In a tweetstorm this afternoon, Kentucky coach John Calipari revealed his latest plan to lay bare the machinations of the NCAA. Here is a lightly edited transcript of his tweets:
Met with our team today. Told them that during the season it’s about the team and sacrificing for each other – which they did this year. When the season’s over, it’s about each individual player and what’s right for them and their families.
With that being said, every player who is eligible for the draft, including our walk-ons, will submit their names for the NBA Draft in hopes of being invited to the combine in May. The new rule states they can submit their name a total of three times. If they choose to withdraw, they have until 10 days after the combine. It’s a true win-win for the student-athlete.
Just so you know, having every kid put their name in the draft is about all players getting the right information. Players not invited to the combine know what that means. Players invited to the combine and told to go back to school know that that means. As I said, it’s a win-win for the student athletes. I like the rule.
First, some background. Each May the NBA invites around 60 players to the draft combine in order to be poked, prodded, interviewed, and evaluated by NBA teams before the July draft. In the past, the deadline for college players to withdraw from the NBA Draft and maintain eligibility was prior to the combine. Players had to withdraw before being able to meet with dozens of teams at the combine and get a true gauge of where (or whether) they were likely to be drafted.
In January, in an ostensibly pro-player shift, the NCAA moved the deadline to withdraw from the draft to 10 days after the combine. The expectation was that a few more players—unsure about whether to go pro or return to college—would put their name in, be invited to the combine, and gain more information in order to make an informed decision about their future.
And then, as usual, John Calipari went and screwed everything up.
This is what John Calipari does to rules. In some ways he offers the most honest deal in college basketball. Not a good deal, to be clear—it’s still monstrously unfair to college athletes—but one more upfront, at least. Calipari rarely hides behind amateurism or student-athlete rhetoric when talking about the NBA age limit. Rather, he tells talented high schoolers that if they come to Kentucky and help him win an NCAA championship, he will prepare them for the NBA during what is expected to be their lone season in Lexington.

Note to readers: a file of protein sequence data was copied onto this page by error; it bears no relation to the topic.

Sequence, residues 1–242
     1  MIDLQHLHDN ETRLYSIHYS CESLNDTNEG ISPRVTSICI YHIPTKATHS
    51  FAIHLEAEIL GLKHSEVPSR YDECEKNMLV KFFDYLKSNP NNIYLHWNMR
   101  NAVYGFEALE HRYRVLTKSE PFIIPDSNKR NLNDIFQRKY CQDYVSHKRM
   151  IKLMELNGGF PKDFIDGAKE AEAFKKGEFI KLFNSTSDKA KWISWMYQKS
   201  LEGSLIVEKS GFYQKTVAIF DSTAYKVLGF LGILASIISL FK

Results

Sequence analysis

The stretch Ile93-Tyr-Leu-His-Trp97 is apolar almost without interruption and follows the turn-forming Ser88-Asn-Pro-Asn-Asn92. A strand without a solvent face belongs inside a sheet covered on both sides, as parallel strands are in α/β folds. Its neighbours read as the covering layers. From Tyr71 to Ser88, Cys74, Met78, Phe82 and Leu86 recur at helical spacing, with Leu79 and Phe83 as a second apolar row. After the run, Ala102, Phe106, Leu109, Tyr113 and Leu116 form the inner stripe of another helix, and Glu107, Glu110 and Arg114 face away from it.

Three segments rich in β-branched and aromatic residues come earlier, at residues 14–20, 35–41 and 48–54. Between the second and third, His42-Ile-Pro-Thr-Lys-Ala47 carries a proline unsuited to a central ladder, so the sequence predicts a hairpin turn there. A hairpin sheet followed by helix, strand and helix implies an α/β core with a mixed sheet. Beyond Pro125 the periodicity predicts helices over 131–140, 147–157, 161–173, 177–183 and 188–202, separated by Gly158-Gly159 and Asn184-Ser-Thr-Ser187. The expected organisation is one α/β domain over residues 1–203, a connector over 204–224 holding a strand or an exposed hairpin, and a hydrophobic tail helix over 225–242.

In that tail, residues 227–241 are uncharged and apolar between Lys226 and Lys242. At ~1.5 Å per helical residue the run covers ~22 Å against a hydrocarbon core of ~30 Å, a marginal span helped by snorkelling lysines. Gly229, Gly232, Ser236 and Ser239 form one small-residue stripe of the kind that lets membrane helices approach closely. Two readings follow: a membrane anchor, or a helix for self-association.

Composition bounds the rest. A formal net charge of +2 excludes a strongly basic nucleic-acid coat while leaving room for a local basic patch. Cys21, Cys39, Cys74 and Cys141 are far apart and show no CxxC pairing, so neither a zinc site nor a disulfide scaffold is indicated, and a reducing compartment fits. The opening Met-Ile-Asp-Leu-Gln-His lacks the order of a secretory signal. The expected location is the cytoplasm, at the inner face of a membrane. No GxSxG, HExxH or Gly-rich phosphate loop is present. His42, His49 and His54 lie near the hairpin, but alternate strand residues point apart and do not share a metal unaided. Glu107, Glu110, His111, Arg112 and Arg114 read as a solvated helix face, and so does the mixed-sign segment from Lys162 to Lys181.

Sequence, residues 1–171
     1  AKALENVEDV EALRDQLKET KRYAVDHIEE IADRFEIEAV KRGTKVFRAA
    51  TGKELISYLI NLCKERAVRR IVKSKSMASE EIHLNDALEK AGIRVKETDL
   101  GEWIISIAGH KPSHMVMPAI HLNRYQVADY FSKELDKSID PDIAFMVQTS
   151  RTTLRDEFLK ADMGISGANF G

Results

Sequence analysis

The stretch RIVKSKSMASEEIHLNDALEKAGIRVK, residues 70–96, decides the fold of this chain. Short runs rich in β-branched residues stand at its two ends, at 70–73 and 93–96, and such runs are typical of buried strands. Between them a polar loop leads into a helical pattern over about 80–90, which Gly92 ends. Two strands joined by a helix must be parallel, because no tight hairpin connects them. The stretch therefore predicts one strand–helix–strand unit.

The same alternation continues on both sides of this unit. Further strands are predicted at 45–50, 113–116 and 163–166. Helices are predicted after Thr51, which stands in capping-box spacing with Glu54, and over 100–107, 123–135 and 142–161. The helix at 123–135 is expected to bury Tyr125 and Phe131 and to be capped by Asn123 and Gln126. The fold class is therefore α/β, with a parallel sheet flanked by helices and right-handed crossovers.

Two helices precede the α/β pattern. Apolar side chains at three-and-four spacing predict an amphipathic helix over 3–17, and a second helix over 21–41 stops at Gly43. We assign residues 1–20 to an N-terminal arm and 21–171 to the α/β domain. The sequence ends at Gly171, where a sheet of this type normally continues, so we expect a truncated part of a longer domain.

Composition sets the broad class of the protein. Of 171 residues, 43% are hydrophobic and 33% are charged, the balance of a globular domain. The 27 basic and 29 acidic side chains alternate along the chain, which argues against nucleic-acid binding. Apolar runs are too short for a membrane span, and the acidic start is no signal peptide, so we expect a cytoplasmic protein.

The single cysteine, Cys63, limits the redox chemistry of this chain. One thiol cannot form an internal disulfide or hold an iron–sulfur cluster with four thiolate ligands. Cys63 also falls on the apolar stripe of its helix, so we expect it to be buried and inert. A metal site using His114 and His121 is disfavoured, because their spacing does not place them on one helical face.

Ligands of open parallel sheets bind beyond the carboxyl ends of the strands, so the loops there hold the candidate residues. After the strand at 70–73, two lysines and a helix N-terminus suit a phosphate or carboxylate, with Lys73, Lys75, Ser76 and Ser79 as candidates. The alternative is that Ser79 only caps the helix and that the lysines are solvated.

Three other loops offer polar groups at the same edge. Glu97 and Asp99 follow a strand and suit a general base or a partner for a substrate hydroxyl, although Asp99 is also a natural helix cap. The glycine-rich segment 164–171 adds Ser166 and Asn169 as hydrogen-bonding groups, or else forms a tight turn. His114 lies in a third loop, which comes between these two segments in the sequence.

While this particular move reeks of publicity—especially announcing it on the eve of the Sweet Sixteen, which Kentucky won’t be participating in because they were knocked out of the tournament—everything Calipari tweeted is true.
There is no downside to declaring for the draft. If the NBA doesn’t even invite the player to the combine, they know they aren’t likely to be drafted. And if they are invited—even if they have every intention of returning to school—they can gain a better understanding of the combine process to improve in the future, and get otherwise forbidden access to NBA teams.
John Calipari has a well-honed ability to combine the self-serving with speaking a limited form of truth to power, to pair his selfish interests with his players’ (or potential players’). It’s a big part of why he has been a successful basketball coach (and even more successful recruiter).
Not every eligible player will suddenly declare for the draft. The vast majority of the 4,500 D1 basketball players have no shot at being drafted, and some who are intent on returning for another year might think the combine is a waste of their time. But for any player who wasn’t already aware of the benefits of declaring, Calipari has made them quite clear.
And if any coaches publicly come out against borderline NBA prospects declaring? That’s just another leg up for Coach Cal in the recruiting battle for the next crop of one-and-dones.